A simple solution for educators is to ensure that our libraries are stocked with titles that possess crisp new books with fresh cover art.  We know that even the classics need to be replaced periodically with versions that are packaged in a more contemporary manner.  Students are intuitively quite savvy when it comes to marketing.  After all they have been targeted by the adevertising machine since birth.  They are particularly sensitive to trends in graphic design and will immediately dismiss anything which looks like it has passed its ‘used by’ date.   However, in the real world it is not always possible to ensure that all the books in our libraries are suitably appealing.  Budget constraints make it tricky to purchase the new titles that are being released, let alone allow us to replace the classics with newer versions.  The question emerges what can educators (and librarians) do to counteract this natural inclination?

Librarians have a whole gamut of strategies that they employ to entice kids to read books they would normally pass over.  Personally I don’t think there is one strategy that works better than another.  Rather it is persistence with a range of approaches that wins in the end.  Some of the obvious tactics include displays of books grouped by author, theme or genre.  I have observed one librarian cash in on the trend for all things retro by using this as the theme for a display; although I am not sure if it was successful.  In a similar manner, using library time to provide book talks that promote older titles alongside the newer acquisitions can be useful, along with getting real authors to speak to students about their books and their writing.

In most schools exist a small minority of avid readers who seem to be less susceptible to the condition in question.  Identifying these students in your community allows you to exploit them as a solution for the problem in question.  You might employ such a reader to review such titles and get them to share their reviews with students.  Reviews might be delivered in a Book Club setting or in a reading blog online.  You might even ask students to prepare a special sleeve to fit over a great title with an unappealing cover.  The sleeve might include a personal student appraisal of the merits of the book in question.  You could do something similar using brown paper bags (although they might not have a great longevity).

Certainly there is a place for discussing book covers in the English classroom.  A great activity that many educators employ is to evaluate a range of covers for a given title across the years, before you commence reading.  This works really well when you are dealing with a classic (try Robert C O’Brien’s Z for Zachariah, Harper Lee’s To Kill a Mockingbird, Gary Paulsen’s Hatchet) and the activity is made simple with google.   Students should be able to identify the covers that they find appealing and suggest why this is the case.  For a bit of fun, you might even get students to try and organise a series of covers in the order of release.  For more recent publications, especially those with worldwide distribution, you might assess how the same book is marketed to different readers in different countries.  However discussing book covers need not just be a topic explored in the English classroom.  You might also engage your Art/Design teacher to explore this in their lessons from a design angle.

It is a dreadful shame that for the sake of a dated cover, students are lured away from what might  otherwise be an enriching read.  Certainly, our role as literacy educators must be one of developing critical thinking in our students.  Only then will they be able to effectively identify what is otherwise simply clever marketing with what is true quality.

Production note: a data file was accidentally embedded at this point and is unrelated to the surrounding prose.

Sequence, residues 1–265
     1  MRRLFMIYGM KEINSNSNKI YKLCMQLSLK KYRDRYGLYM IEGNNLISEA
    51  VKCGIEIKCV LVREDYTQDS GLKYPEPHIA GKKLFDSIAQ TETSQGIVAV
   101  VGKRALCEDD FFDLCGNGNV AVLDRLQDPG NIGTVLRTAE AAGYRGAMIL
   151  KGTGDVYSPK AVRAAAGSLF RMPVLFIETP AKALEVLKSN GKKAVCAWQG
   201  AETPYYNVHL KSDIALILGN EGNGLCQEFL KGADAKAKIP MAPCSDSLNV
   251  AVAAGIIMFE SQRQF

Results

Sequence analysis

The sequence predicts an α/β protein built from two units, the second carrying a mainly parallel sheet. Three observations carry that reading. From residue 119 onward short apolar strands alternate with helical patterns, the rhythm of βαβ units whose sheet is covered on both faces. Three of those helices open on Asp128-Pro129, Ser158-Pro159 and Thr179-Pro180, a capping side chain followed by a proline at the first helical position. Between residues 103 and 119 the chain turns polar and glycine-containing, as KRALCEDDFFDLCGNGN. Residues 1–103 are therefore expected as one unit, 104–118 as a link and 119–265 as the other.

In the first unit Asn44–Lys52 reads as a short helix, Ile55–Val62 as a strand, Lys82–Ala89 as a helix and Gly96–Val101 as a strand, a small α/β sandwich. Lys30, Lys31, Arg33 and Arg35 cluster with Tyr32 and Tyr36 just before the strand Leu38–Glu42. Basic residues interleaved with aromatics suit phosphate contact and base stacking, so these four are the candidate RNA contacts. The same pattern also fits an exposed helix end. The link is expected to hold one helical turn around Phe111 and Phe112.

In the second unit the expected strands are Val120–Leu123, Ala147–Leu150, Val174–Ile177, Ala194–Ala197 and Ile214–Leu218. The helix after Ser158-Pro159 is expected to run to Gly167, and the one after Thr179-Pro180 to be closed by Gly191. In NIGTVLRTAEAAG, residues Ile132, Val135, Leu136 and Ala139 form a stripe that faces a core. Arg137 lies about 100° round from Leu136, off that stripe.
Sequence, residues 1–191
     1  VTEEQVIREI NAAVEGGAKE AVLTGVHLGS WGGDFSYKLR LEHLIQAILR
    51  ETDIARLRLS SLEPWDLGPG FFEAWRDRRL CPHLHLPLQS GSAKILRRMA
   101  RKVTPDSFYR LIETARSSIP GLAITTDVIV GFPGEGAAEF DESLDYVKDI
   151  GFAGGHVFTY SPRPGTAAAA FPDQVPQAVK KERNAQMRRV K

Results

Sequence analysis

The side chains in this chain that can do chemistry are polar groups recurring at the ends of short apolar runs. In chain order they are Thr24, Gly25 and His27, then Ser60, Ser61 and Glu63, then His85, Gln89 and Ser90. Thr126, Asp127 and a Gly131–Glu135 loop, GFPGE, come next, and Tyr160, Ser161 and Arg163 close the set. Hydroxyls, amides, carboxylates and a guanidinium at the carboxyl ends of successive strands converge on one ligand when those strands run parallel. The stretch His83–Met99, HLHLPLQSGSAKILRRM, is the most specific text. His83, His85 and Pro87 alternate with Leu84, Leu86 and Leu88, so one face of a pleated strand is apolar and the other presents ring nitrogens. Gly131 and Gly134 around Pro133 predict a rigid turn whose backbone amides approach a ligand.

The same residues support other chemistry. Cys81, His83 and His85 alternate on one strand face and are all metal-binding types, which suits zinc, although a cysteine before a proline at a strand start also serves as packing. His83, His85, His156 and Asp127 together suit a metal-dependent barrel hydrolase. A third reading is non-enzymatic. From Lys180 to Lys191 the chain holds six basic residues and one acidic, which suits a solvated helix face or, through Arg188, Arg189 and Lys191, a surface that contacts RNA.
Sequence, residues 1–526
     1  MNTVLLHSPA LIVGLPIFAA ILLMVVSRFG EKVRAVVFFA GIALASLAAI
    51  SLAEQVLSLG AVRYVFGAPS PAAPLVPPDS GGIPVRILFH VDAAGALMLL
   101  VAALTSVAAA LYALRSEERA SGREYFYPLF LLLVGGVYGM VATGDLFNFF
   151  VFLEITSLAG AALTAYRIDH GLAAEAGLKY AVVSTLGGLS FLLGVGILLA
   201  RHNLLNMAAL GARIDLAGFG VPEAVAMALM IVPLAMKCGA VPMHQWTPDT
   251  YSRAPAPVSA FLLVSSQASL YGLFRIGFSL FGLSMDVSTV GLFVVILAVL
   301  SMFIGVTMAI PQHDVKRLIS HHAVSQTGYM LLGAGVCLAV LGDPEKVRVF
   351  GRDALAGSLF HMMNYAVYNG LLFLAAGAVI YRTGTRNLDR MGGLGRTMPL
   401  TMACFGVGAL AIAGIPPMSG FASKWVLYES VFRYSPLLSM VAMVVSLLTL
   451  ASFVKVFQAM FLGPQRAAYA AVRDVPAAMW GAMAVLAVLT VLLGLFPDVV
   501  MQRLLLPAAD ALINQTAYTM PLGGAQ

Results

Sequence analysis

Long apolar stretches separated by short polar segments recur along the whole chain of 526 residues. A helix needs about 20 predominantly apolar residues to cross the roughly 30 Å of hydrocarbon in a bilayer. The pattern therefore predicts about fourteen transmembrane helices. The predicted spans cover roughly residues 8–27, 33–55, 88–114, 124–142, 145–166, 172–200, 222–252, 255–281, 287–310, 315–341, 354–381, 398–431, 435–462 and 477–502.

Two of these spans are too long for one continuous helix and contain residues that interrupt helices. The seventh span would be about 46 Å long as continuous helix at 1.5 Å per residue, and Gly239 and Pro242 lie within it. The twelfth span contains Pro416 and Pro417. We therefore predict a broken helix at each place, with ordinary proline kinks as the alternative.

How do you deal with the problem of promoting great books with dated book covers in your classroom?  Share your thoughts and ideas with us.  We’d love to hear from you.

Tanya Grech Welden

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Book Trailers in the Classroom: Enhancing Student Engagement with Texts

Book trailers have been around for a while but it is only in the last 18 months that they have started to catch on in the world of YA fiction.  When I saw my first book trailer about three years ago, I was captivated.  My mind started exploding with possibilities for using them in the classroom.  I was a little disappointed to see (even 12 months ago) that they were being used somewhat sporadically by children’s and YA publishers.  However, I have noticed a slight increase in their use in the last 6 months (especially with Australian publishers), which can only be good news for Aussie teachers and their students.

So, how do I use them in the classroom?  Firstly, I wish I had a book trailer for every book I share in the classroom.  Not because I am not good at selling stories the old fashioned way.  I enjoy the ‘tried and tested’ methods for book promotion such as verbally introducing the book and providing a short informal review, reading the blurb or reading a page or chapter from the given book.  For a teacher, book trailers allow you to engage students in the act of reading without you even opening your mouth.  Book trailers offer another ‘voice’ in the classroom, and though I hate to admit it, for our visual learners, it is one which is far more enticing than anything I can provide.  As I have already alluded to, book trailers don’t replace the other methods for book promotion, they serve to enhance traditional teaching practices.  Used on their own, at best they probably provide only a few moments of entertainment and are quickly forgotten.  Sure, they may encourage some of your more intrinsically motivated students to read the story, but the more reluctant readers will still need you to provide your personal recommendation to help them get off their seat and borrow the book.